Do We Need a Major Reshuffle at the Top?

      May 13, 2014 13:20

      President Park Geun-hye plans to apologize to the nation for the bungled rescue operation after the ferry disaster off the southwest coast last month. She also plans to announce a drastic overhaul of the country's disaster response system.

      Finding a replacement for Prime Minister Chung Hong-won, who has already resigned, and reshuffling key ministerial posts remain key tasks for the president. Park has said that those responsible for the bungled rescue will be reprimanded.

      But just reshuffling senior officials after every major accident is an outdated practice. On top of that, the ministers of public administration and security and of maritime affairs and fisheries, who are supposed to play key roles in handling the disaster, had been in their posts for only around two months.

      Yet ruling Saenuri Party lawmakers are demanding a broad reshuffle of the Cabinet and Cheong Wa Dae secretaries in a bid to restore public confidence in the government. Park accepted the prime minister's resignation even though search and rescue operations were still in full swing, so a broader reshuffle is widely expected. All this has made it necessary to appoint fresh faces to handle the follow-up after the tragedy.

      Park does not have a stellar track record in selecting key officials. The spokesman she chose just after her election ended up stepping down after molesting an intern during Park's trip to the U.S., while her first nominee for prime minister quit even before his confirmation hearing in the National Assembly. Mistakes like that must not happen again.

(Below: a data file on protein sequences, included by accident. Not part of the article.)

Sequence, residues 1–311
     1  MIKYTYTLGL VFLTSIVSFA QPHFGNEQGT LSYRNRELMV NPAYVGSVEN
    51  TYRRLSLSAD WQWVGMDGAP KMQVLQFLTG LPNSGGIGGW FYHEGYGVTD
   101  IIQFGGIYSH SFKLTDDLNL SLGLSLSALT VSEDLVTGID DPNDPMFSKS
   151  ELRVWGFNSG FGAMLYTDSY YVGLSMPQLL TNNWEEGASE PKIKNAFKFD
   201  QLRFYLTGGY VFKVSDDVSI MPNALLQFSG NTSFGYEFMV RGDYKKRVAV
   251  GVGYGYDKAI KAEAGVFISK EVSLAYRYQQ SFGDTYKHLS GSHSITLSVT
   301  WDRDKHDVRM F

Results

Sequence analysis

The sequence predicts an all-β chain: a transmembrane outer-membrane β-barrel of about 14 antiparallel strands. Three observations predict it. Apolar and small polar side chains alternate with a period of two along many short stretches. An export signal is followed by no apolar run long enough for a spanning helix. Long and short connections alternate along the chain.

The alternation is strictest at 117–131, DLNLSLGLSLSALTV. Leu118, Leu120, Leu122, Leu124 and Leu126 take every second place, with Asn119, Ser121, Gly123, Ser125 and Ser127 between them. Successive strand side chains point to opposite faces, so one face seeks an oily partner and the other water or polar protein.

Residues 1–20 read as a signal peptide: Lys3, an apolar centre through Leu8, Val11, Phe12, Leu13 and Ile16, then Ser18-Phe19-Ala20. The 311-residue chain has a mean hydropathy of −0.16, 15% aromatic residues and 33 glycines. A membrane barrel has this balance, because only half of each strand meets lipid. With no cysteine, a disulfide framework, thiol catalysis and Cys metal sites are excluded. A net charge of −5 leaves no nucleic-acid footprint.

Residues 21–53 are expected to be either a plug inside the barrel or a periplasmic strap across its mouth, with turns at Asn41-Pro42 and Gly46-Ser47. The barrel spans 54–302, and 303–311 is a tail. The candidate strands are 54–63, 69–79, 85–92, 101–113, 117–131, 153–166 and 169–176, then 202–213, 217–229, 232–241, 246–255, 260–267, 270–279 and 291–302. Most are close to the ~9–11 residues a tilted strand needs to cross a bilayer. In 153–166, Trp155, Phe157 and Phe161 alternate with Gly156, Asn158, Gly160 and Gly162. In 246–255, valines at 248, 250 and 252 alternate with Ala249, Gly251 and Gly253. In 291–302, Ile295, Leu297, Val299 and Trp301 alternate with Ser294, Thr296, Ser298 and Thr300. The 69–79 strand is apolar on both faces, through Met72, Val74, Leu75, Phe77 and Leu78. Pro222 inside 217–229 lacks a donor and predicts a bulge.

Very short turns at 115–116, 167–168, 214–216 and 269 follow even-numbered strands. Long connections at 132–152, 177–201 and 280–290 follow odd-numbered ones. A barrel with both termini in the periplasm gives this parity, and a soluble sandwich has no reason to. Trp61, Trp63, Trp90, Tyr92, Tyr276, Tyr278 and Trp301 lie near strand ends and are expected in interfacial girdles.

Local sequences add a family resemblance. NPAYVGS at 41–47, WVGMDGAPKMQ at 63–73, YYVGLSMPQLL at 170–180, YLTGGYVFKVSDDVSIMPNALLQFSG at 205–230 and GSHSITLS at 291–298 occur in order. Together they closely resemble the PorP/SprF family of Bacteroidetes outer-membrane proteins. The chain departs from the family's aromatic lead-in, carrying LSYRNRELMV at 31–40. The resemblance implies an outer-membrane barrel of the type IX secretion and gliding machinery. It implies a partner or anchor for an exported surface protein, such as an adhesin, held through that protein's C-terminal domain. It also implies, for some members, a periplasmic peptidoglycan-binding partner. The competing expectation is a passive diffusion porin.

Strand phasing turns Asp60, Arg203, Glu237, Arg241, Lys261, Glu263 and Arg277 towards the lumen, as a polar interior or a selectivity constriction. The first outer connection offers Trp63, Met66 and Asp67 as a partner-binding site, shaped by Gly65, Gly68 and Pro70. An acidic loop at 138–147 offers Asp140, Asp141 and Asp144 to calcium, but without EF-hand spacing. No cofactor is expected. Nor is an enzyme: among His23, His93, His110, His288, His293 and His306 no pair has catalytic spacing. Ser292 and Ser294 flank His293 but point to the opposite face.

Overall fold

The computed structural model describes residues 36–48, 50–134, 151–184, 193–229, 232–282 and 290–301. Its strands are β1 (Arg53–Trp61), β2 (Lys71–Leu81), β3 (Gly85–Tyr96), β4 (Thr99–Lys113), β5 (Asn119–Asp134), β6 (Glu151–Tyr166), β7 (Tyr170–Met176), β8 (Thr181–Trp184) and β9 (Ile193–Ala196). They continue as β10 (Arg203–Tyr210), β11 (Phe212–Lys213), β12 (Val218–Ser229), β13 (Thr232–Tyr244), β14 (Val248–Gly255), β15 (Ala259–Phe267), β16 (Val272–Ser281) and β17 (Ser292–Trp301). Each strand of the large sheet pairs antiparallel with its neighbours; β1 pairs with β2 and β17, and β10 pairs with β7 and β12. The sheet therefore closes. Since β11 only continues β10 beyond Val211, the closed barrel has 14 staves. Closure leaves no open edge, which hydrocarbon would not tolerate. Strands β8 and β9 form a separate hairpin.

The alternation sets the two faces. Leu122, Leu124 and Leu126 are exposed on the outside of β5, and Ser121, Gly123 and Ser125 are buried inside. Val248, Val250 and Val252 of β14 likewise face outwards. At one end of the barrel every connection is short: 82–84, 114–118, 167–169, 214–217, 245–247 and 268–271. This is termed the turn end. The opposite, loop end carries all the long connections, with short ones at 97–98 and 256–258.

Park tends to turn to her circle of close confidants to choose candidates for key government posts, leading to the impression that personal ties to the president are the most important criterion. Senior Cheong Wa Dae posts were therefore filled with figures with either legal or military backgrounds, which does not lead to a balanced decision-making process. There is criticism that a government of officials who are either too focused on finagling the law or enforcing a rigid system of obeying orders can lose its ability to govern effectively.

      The next reshuffle could be an opportunity for Park to regain public confidence and support. She must choose figures who are capable of soothing the pain felt by the public and bringing them together. She should not hesitate to tap even the opposition to search for candidates. If Park fails to make radical changes in the upcoming reshuffle, it would be better to make none at all.

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